Pallone Announces $7 million in New Funds to Begin Cleanup of Margaret’s Creek
NEW BRUNSWICK, NJ– Today in Laurence Harbor, Congressman Frank Pallone, Jr. (NJ06) announced $7 million in funding from the Environmental Protection Agency to begin the cleanup at Margaret’s Creek, part of the Raritan Bay Slag Superfund site in Old Bridge. He was joined by Old Bridge Mayor Owen Henry, representatives of the NY/NJ Baykeeper, Raritan Riverkeeper and the Raritan Bay Community Advisory Group.
The area has elevated levels of lead contamination, as well as areas of slag, a byproduct of metal smelting, and battery casings. As a result of urging by Pallone, the Raritan Bay Slag site was placed on the Superfund National Priorities List in 2009. Pallone has long prioritized the cleanup of this contaminated site so the local community may once again access the waterfront area without worry of health hazards. Lead is a toxic metal that can be particularly dangerous to children’s developmental health.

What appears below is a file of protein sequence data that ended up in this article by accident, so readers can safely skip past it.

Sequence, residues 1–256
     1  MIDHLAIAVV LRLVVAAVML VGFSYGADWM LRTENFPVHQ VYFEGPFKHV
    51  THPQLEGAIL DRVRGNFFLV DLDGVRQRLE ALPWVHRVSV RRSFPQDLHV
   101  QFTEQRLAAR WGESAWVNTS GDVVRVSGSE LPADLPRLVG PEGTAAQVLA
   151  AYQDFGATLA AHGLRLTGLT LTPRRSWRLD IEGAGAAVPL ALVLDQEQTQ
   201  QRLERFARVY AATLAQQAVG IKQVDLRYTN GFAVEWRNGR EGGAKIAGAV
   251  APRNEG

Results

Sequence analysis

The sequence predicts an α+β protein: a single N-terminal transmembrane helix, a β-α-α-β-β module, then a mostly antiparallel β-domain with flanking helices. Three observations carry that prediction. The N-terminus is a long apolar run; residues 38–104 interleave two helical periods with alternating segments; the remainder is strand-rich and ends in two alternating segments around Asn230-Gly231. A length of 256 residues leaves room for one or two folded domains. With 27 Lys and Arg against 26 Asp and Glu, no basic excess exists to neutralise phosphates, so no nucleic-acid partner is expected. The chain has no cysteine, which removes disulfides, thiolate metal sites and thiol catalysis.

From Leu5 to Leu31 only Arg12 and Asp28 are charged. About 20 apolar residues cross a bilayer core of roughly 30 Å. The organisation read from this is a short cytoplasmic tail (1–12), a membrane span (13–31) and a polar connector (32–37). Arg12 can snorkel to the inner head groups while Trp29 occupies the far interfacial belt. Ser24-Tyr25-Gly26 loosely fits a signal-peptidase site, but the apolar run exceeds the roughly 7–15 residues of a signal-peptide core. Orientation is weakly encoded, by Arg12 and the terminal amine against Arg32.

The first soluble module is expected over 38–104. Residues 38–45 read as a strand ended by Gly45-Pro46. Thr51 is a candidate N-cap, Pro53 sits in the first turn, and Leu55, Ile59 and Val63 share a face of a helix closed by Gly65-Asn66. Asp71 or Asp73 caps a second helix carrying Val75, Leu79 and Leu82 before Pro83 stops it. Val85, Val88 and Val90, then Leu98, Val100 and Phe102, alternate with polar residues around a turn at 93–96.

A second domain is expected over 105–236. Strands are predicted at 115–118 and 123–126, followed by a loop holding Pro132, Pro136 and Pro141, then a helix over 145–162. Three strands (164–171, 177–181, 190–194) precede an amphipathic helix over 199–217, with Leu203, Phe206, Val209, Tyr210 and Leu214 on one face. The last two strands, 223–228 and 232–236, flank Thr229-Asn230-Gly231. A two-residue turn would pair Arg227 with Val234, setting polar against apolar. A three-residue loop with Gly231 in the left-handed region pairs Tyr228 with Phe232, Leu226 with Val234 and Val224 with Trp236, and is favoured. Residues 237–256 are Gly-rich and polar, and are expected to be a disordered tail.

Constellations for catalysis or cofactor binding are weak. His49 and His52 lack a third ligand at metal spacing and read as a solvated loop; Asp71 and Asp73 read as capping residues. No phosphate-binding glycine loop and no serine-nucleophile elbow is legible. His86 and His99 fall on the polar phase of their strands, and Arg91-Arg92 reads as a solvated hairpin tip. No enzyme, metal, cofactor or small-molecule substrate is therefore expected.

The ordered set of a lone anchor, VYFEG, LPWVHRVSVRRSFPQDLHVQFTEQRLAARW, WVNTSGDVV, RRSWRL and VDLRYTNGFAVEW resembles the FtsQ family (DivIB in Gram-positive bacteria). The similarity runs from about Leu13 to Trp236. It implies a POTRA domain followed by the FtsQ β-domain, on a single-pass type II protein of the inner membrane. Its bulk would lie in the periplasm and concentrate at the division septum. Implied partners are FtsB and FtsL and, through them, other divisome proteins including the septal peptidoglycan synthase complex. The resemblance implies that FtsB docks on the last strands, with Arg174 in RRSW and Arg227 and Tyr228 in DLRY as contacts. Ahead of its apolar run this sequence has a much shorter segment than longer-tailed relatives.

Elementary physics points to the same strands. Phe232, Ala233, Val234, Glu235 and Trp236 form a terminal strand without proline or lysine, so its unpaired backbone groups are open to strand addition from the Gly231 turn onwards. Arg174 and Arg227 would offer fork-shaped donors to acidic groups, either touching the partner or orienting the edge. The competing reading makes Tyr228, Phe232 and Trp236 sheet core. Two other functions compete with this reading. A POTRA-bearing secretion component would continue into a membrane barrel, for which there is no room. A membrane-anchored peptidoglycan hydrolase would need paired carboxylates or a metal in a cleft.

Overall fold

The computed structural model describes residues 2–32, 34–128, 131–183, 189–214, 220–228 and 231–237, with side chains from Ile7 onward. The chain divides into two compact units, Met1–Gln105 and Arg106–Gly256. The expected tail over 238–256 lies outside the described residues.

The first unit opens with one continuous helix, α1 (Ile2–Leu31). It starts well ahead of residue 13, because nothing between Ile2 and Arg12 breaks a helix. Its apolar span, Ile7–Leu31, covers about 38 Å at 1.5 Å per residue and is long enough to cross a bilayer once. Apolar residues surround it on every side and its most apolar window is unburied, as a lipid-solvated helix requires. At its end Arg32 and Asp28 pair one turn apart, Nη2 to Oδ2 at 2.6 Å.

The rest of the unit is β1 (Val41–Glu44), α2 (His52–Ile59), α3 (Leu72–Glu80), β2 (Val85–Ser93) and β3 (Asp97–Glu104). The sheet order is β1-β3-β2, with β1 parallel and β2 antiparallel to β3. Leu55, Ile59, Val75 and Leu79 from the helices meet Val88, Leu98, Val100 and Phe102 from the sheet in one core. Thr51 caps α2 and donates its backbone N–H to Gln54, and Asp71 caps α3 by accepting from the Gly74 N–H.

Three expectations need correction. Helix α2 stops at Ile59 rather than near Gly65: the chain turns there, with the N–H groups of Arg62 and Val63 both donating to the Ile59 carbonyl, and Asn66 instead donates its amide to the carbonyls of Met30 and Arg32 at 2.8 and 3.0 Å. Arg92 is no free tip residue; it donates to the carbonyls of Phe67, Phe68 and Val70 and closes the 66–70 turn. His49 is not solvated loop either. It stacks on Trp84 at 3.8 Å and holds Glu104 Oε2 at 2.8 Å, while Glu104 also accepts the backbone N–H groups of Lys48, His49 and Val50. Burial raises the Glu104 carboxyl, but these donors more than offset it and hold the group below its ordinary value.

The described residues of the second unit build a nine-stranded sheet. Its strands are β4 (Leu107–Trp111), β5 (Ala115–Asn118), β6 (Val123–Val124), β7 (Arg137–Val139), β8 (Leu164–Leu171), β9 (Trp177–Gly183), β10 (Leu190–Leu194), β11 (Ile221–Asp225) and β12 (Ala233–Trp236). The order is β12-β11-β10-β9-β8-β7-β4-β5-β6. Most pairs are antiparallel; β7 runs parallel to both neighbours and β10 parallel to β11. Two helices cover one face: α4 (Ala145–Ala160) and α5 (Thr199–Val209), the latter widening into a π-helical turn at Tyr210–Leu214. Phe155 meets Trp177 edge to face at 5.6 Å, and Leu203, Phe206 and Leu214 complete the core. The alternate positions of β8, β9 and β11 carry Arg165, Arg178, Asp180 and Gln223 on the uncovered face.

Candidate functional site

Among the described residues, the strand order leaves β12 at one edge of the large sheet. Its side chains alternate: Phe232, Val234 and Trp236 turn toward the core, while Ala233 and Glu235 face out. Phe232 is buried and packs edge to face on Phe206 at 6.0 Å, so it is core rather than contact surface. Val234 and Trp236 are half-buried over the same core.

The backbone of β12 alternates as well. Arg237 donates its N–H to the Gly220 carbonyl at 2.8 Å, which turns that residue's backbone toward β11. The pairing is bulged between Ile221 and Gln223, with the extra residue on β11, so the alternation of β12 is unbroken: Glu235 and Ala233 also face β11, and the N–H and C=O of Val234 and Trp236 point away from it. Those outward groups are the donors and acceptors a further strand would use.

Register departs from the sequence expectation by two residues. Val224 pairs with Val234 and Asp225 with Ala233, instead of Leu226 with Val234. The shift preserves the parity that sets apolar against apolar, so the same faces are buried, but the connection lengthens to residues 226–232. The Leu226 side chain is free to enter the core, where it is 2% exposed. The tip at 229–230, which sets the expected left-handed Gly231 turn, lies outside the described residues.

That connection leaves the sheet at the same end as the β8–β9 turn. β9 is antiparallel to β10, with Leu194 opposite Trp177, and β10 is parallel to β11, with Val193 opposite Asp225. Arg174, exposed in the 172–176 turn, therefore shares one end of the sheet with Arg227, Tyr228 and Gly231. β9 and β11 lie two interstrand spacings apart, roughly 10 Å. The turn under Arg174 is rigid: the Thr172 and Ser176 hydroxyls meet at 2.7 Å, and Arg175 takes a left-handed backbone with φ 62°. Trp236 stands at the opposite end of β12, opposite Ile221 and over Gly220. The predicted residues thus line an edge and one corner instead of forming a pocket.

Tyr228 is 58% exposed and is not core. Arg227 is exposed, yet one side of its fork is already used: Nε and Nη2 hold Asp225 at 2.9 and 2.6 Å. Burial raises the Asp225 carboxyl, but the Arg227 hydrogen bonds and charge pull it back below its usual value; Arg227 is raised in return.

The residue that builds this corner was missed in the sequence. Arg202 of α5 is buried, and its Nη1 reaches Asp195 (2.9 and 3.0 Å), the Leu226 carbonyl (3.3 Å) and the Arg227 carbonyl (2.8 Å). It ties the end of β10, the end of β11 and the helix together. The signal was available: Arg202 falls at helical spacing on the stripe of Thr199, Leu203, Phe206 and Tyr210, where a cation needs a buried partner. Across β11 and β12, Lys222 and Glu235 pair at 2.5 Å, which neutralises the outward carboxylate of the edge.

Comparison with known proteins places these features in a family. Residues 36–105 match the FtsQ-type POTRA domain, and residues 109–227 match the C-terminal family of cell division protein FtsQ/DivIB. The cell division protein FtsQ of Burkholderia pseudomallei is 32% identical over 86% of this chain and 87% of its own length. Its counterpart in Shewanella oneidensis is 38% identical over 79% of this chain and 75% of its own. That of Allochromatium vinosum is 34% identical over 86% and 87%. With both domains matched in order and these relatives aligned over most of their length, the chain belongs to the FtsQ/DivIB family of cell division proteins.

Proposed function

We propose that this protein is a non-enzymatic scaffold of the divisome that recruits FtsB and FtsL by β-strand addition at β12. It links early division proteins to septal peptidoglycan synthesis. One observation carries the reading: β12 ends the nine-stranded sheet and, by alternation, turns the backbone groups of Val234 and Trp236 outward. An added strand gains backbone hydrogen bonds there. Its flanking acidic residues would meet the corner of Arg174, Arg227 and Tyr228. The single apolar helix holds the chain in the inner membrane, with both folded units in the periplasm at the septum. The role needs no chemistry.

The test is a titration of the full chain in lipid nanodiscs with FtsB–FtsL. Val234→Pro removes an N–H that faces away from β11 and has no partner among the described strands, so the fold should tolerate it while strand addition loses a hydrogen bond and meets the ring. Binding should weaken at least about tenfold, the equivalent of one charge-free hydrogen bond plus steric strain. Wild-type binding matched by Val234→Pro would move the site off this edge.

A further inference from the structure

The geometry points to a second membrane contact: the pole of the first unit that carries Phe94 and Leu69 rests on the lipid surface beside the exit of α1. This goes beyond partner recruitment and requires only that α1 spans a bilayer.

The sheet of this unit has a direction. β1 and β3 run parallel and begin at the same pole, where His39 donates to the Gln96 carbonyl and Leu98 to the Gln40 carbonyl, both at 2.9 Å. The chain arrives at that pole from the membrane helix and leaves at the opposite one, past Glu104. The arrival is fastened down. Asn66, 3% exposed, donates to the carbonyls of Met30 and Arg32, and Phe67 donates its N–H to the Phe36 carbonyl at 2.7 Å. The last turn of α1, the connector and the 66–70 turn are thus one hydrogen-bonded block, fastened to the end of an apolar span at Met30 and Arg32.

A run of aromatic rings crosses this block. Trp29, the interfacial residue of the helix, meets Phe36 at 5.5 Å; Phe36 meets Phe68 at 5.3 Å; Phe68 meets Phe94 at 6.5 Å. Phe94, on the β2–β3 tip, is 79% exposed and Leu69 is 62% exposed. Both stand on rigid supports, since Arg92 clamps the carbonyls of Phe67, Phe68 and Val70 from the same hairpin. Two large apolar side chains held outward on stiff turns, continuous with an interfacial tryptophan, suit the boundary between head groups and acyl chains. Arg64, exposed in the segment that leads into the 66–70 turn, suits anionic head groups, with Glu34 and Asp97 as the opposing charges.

“I am pleased that the EPA is moving forward with a plan to clean up lead contamination at the Raritan Bay Slag Superfund Site in Old Bridge and Sayreville,” said Pallone. “I urged the EPA to have this site placed on the Superfund National Priorities List (NPL) to protect the public, as well as the environment, and enable the local residents to go back to utilizing the beachfront areas safely. I am thankful they heeded my call, as even at low levels, lead is a toxic metal that can be especially dangerous to children’s developmental health.
“I strongly believe the public should not be responsible for cleaning-up these contaminated sites, which is why I introduced the Superfund Polluters Pay Act, which would reauthorize the original Superfund fees and make polluters, not taxpayers, pay the costs of cleaning up Superfund sites.”
Pallone has long been fighting to strengthen the Superfund program. This Congress, Pallone introduced H.R.2783 - Superfund Polluter Pays Act, which would reauthorize the original Superfund fees and make polluters, not taxpayers, pay the costs of cleaning up Superfund sites.